Stage 3 incorporates two strands. Therapeutic Management of Patients revisits the range of conditions in the major body systems covered in stage 2 but with a focus on their diagnosis and therapeutic management. You will consider rational drug choice based upon clinical evidence and patent factors and characteristics; and also health promotion. Concurrently you will apply knowledge of advanced drug development processes from discovery through to patient. This includes complex drug delivery technologies; the development and uses of biological treatments; and pharmacogenetics, pharmacogenomics and personalised medicine. In the Established Pharmacy Learner strand study skills are further enhanced by considering more advanced communication and consultation techniques, research methodologies pertinent to pharmacy; and by undertaking effective team-working in an interprofessional setting.
Stage 4 incorporates three strands. Frontiers in Pharmacy focuses on pharmaceutical research and development. It considers public and population health, health policy and the roles of medicines and pharmacists in meeting these agendas. Research and critical analysis skills are applied to a research project in an area of personal interest and also to an extended piece of work focussing on developing initiatives in pharmacy. Effective Patient Management introduces you to increasingly complex scenarios, cases and prescriptions that require higher level pharmaceutical input. These will involve patients with altered drug handling states, patients with multiple co-existing disease states, and patients with additional counselling or drug administration requirements. . The Accomplished Pharmacy Learner considers more challenging consultation scenarios and calculations, and will develop coaching, teaching, management and leadership skills. At the conclusion of the programme you will demonstrate that you are an accomplished reflective practitioner with the necessary skills, knowledge and attributes to meet the GPhC’s standards for pharmacy graduates and that you are ready to enter their pre-registration year.
The Wolverhampton MPharm is a contemporary, patient-focused and clinical course which aims to develop the knowledge and skills that you will need to build a successful career in your chosen area of pharmacy. A team of expert academic pharmacists and scientists have developed the programme and, along the way, we have consulted with employers, practicing pharmacists, patients, carers and students in order to make sure that the product you are investing in is of the highest possible standard and relevance.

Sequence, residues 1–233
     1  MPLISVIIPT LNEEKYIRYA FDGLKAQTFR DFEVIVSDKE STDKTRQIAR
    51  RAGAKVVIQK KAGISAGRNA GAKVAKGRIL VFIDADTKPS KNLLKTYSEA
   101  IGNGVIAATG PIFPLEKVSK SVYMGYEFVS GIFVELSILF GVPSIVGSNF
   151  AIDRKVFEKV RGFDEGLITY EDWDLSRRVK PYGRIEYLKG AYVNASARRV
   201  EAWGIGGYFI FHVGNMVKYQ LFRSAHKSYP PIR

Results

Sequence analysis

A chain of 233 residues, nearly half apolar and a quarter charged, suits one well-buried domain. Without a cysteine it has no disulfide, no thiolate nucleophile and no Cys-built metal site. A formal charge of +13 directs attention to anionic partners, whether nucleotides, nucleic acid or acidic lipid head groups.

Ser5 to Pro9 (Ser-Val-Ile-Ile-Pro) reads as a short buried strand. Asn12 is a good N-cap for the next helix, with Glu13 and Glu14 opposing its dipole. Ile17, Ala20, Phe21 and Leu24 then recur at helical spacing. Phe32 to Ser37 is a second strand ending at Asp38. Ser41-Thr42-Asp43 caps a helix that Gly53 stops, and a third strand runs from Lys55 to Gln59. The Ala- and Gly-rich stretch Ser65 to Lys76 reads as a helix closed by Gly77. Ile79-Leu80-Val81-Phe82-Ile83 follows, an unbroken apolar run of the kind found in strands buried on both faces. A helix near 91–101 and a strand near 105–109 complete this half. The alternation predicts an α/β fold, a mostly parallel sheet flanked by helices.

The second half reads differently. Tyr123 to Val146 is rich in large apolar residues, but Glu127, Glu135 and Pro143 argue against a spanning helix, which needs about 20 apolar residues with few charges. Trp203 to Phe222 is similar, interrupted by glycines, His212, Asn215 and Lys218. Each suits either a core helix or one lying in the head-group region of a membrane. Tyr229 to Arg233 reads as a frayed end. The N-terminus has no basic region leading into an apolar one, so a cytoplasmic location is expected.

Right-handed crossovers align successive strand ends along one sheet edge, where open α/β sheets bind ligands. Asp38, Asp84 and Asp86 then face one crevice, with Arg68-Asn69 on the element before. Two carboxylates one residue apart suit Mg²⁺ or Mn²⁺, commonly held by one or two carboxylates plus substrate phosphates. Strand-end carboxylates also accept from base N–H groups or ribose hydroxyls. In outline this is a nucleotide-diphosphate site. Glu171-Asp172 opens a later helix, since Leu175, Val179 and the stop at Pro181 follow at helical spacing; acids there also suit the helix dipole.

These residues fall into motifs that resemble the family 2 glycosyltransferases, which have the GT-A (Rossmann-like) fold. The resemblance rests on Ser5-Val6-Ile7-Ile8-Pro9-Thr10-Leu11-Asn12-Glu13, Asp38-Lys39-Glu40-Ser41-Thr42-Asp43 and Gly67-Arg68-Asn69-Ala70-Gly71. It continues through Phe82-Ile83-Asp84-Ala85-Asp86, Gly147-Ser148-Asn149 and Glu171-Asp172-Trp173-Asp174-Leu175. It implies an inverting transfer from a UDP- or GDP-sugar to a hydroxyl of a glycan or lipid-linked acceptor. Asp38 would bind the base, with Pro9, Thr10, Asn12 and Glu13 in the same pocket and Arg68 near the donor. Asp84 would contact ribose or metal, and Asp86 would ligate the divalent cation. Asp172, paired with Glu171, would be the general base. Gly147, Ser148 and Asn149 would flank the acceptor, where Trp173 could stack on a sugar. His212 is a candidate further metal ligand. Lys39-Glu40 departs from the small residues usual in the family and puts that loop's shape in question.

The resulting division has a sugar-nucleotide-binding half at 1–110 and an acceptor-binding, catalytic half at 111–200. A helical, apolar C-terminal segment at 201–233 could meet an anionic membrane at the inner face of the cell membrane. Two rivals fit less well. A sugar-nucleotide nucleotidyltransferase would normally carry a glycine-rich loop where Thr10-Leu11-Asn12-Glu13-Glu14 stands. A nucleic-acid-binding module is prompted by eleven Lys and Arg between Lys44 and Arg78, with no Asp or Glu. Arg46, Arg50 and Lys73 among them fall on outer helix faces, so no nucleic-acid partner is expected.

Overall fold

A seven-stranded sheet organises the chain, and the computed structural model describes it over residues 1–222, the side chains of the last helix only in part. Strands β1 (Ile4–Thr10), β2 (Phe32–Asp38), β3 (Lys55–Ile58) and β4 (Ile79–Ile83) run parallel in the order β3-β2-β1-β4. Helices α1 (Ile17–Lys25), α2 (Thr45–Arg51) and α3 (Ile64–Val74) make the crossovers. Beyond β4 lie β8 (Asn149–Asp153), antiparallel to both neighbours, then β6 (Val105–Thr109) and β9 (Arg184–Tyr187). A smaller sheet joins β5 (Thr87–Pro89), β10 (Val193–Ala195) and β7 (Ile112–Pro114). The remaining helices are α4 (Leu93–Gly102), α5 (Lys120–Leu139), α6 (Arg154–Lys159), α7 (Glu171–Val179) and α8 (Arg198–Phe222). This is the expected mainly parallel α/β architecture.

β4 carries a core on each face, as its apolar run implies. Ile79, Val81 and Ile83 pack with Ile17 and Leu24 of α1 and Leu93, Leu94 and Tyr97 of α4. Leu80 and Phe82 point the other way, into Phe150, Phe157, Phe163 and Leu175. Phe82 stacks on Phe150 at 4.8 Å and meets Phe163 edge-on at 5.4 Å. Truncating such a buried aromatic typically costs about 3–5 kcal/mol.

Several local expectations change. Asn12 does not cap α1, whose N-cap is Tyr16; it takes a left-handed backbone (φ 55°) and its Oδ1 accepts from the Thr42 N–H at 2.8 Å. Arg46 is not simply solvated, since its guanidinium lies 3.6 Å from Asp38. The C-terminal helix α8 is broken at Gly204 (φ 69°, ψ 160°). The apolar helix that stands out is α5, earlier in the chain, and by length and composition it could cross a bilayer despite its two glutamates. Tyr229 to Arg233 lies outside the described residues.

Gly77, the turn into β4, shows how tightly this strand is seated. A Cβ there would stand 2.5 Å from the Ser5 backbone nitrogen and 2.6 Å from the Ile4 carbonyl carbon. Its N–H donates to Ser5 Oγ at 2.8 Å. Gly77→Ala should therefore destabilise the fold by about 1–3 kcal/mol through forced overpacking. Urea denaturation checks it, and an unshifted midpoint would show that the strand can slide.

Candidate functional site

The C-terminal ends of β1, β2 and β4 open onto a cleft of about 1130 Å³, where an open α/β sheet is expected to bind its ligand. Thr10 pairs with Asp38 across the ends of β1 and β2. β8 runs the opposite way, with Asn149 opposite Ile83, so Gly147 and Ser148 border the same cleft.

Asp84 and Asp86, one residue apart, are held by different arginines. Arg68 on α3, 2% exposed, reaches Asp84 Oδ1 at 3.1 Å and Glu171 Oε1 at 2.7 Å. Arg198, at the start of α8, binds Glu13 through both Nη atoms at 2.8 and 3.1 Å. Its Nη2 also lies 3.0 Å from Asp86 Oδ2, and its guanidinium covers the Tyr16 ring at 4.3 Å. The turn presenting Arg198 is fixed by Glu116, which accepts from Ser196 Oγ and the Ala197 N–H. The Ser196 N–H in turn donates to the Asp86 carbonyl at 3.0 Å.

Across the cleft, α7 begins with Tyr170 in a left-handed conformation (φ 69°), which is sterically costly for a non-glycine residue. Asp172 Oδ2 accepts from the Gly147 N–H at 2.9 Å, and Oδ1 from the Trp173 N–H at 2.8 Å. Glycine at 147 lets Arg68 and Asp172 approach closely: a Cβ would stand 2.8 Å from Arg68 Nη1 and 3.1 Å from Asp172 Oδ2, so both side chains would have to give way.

At Wolverhampton our smaller cohort sizes and extensive use of practitioners and educators from the different pharmacy sectors provide you with a more interactive learning experience that puts your learning fully in to context. Our placements and simulations are aligned carefully with the material you cover in class and they are staged in a way which helps you gradually build up confidence as the years progress. Our theme-based approaches to teaching cross over the traditional pharmacy disciplines such as pharmacology, pharmaceutical chemistry, pharmaceutics and pharmacy practice. This helps you to integrate your studies and make the links between the different aspects of theoretical content and its application to the world of work.
Wolverhampton pharmacy graduates are highly regarded by employers in the various branches of the profession and enjoy high employment rates. As the number of pharmacy graduates competing for pre-registration places nationally continues to rise, the Wolverhampton School of Pharmacy relishes the challenge of maintaining the high employment rates and employer reputation that has been built.
Currently, the major area of employment for pharmacists nationwide (60-70%) is in the community sector, with most of the remainder entering the National Health Service (NHS) as hospital or ‘primary care’ pharmacists. A small proportion of pharmacy graduates and pharmacists enter careers in the pharmaceutical industry or in academic pharmacy.